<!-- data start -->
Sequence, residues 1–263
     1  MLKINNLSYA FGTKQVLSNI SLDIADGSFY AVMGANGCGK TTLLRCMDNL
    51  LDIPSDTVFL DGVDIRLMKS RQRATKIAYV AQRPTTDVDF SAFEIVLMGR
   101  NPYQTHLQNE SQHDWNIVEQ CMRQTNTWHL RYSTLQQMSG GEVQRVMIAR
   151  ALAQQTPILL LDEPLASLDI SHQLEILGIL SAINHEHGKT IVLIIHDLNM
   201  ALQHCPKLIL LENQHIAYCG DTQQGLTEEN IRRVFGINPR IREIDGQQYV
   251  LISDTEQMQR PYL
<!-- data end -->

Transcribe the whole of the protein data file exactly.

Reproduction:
Sequence, residues 1–263
     1  MLKINNLSYA FGTKQVLSNI SLDIADGSFY AVMGANGCGK TTLLRCMDNL
    51  LDIPSDTVFL DGVDIRLMKS RQRATKIAYV AQRPTTDVDF SAFEIVLMGR
   101  NPYQTHLQNE SQHDWNIVEQ CMRQTNTWHL RYSTLQQMSG GEVQRVMIAR
   151  ALAQQTPILL LDEPLASLDI SHQLEILGIL SAINHEHGKT IVLIIHDLNM
   201  ALQHCPKLIL LENQHIAYCG DTQQGLTEEN IRRVFGINPR IREIDGQQYV
   251  LISDTEQMQR PYL